• Commercial Pellets and Flakes: There are many varieties of food pellets and flakes, that are specially formulated for different turtle species. These pellets are usually good for the baby turtle's health, and pack most of the nutrients needed for their growth. Be sure to measure out the portions so that you don't overfeed the baby. However, baby turtles like to eat live food which moves; hence, you may find it a little difficult to persuade them to eat the pellets, but it's worth a shot. If pellets made for turtles are not available easily, fish food pellets or flakes can serve as a short-term substitute.
  • Meats: Baby turtles can be fed with tiny pieces of raw chicken, fish, or shrimp. However, try to avoid meats such as beef or lamb. It is absolutely essential that the meat be fresh and not any prepackaged type such hot dogs or nuggets. The preservatives in them can be very harmful. If you plan on cooking the meat before feeding the turtle, ensure that there is no spices or fatty items like butter added to it, Boiling in plain water is probably your best option.
  • Live Fish: If you want to replicate a natural environment for your pet aquatic baby turtle, adding live fish to the diet is a good choice. Small fish, such as minnows, guppies, baby shrimp, and baby goldfish, are preferred by turtles. One thing to keep in mind is that a baby turtle will not always be successful in hunting live fish, so provide other easy sources of food to ensure its nutrition.
  • Insects: You can get both live as well as dead feeder insects such as mealworms, bloodworms, grasshoppers, slugs, or larvae of mosquitoes. In this case too, live insects are preferred more than dead ones.
  • Fruits and Vegetables: Some species of turtles, such as painted turtles, love eating fruits and vegetables even when they are babies; however, others such as mud turtles gain interest in this food only when they grow up. Experiment to see what kind of veggies and fruits your turtle prefers. Usually, grapes, apples, and cantaloupes are great fruit options, while among vegetables, choose highly nutritional types like kale or romaine lettuce. Avoid vegetables like iceberg lettuce, which provide no nutrition whatsoever.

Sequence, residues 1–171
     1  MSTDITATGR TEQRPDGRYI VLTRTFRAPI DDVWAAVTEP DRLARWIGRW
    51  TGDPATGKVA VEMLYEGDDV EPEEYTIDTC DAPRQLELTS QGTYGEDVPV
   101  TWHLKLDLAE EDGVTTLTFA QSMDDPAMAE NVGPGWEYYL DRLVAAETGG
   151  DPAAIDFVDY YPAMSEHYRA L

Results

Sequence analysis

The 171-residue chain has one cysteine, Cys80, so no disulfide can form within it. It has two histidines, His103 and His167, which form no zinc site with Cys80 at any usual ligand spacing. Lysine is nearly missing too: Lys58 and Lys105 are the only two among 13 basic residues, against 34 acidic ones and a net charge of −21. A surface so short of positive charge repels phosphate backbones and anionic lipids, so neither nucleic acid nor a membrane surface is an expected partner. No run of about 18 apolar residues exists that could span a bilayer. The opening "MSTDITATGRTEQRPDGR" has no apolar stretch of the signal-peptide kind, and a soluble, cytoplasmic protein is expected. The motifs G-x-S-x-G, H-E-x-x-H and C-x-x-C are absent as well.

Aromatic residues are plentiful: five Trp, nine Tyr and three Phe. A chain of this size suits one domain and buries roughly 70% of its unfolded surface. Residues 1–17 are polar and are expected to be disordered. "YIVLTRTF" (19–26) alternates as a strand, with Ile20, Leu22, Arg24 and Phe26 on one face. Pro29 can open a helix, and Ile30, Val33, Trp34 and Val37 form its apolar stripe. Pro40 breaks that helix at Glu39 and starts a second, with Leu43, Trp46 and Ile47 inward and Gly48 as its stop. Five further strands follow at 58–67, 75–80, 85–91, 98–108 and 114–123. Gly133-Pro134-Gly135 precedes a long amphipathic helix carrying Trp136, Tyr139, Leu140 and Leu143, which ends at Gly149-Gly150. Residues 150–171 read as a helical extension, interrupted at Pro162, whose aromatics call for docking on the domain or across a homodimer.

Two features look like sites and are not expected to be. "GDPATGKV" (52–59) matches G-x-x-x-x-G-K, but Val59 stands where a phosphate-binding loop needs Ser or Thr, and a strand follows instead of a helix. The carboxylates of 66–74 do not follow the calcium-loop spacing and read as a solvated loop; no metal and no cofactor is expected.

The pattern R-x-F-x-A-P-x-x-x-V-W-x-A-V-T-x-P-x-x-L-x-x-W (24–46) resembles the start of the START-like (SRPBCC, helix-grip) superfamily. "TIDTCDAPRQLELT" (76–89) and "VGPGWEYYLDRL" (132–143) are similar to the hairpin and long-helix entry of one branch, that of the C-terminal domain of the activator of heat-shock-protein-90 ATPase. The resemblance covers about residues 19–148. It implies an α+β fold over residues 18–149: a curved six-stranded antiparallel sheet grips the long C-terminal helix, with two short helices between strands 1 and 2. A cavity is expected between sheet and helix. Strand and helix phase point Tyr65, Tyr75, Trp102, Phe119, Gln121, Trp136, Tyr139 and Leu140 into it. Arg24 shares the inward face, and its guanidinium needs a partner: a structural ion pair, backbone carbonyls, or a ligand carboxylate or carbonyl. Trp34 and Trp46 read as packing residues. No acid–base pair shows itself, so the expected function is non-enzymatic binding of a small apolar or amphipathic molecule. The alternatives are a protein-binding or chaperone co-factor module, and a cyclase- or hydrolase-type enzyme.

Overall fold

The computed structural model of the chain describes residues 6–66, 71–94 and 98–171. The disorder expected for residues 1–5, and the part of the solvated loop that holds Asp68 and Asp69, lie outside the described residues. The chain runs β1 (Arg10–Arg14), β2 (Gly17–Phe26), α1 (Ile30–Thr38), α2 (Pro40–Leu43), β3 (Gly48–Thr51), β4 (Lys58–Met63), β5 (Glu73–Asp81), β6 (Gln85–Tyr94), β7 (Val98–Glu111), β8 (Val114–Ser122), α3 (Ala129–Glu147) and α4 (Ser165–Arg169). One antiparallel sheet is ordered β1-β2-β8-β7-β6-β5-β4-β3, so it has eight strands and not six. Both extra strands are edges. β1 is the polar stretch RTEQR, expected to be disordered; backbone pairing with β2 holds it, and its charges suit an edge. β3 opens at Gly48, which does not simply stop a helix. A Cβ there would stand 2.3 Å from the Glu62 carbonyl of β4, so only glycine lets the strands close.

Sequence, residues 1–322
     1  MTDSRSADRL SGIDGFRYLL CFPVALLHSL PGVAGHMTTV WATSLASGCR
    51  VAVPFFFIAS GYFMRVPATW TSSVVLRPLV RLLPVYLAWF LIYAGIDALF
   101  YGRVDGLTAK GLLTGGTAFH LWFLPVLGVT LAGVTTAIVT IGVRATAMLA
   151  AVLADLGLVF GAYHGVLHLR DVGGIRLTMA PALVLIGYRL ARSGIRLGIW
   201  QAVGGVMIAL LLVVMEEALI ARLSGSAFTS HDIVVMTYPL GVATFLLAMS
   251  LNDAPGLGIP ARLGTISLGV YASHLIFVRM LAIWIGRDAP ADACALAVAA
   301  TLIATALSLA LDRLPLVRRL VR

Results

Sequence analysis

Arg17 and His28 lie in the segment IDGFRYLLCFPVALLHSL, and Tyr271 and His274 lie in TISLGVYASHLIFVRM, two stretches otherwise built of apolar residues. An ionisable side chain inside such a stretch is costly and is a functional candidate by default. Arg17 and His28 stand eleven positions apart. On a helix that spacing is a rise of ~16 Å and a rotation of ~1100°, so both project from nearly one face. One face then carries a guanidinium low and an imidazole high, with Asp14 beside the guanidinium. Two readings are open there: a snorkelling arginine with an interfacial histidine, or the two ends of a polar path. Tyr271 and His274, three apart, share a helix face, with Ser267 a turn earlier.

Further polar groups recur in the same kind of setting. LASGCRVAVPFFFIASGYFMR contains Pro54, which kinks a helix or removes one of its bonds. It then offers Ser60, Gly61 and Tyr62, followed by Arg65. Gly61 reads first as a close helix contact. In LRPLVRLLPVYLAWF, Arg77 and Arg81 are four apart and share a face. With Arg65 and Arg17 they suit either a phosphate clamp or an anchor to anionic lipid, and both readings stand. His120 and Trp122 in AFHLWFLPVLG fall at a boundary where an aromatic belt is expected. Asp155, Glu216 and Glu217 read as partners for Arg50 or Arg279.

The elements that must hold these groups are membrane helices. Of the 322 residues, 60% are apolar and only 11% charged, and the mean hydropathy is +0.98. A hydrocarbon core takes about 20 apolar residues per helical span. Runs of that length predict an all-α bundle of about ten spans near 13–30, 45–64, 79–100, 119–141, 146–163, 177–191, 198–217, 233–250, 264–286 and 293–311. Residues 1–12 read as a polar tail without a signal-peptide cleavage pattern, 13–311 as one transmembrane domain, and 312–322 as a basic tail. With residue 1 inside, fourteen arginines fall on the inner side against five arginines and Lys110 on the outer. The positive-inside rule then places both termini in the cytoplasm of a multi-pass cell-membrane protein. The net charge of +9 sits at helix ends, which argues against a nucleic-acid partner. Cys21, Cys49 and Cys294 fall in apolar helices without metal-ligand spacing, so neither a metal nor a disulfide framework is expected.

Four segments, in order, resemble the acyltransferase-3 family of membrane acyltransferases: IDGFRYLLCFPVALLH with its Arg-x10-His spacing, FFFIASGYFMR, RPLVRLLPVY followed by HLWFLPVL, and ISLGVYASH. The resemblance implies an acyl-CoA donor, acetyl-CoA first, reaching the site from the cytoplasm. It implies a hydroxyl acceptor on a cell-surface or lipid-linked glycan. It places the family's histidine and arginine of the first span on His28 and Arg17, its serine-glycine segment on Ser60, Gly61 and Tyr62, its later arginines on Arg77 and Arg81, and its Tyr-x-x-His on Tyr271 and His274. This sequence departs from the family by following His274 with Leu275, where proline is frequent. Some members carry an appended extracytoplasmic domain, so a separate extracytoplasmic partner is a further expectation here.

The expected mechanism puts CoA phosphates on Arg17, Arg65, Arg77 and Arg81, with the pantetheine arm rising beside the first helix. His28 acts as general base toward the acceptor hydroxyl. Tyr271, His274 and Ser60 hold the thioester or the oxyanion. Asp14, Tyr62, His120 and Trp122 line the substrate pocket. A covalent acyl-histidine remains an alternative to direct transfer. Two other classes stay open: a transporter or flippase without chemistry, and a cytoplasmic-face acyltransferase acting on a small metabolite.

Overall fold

• Cuttlebone: A good strong shell and well-formed bones are very important for a healthy turtle. For that, calcium should be an essential component of the diet. Keeping tiny pieces of cuttlebone in the feeding tank, will provide enough calcium to fulfill your pet's need. Alternately, you can use crushed eggshells for the same purpose.

Safety Tips
  • Turtles can sometimes be carriers of salmonella bacteria; hence, you must wash your hands thoroughly after handling them.
  • Avoid feeding the turtles with your hands, as the turtle may bite your fingers, thinking it to be food. Although the bite of baby turtles is not very powerful, it is definitely very painful. Drop the pieces of food directly into the feeding tank instead.
  • It is important that the food you give a baby turtle be cut into very tiny pieces, as the risk of choking is quite high.
  • Initially, baby turtles are voracious eaters, so they need to be fed 2-3 times a day. However, make sure that the food portions are small enough to be eaten in half an hour. Excess food will rot and create an unhygienic environment in the tank.
  • Expose your turtle to sunlight for a little time everyday, as it provides necessary vitamin D, which is needed for good bones and shell.
Take care to feed the appropriate food to your baby turtle, to avoid causing health issues. The above guidelines should be able to help you keep your little pet in good shape.